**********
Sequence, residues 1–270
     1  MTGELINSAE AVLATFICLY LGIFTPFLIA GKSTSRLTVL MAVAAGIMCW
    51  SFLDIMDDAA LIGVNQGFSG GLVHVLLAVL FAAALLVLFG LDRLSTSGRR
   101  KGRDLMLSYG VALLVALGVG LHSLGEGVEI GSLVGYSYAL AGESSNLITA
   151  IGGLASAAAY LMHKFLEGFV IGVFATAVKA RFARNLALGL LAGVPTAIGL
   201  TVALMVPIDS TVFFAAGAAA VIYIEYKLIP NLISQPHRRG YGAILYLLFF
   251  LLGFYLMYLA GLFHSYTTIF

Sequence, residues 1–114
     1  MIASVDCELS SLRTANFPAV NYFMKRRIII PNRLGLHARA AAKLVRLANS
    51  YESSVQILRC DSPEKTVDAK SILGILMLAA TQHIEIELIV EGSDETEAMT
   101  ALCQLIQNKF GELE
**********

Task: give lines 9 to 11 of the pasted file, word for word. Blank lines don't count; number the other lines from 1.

     1  MIASVDCELS SLRTANFPAV NYFMKRRIII PNRLGLHARA AAKLVRLANS
    51  YESSVQILRC DSPEKTVDAK SILGILMLAA TQHIEIELIV EGSDETEAMT
   101  ALCQLIQNKF GELE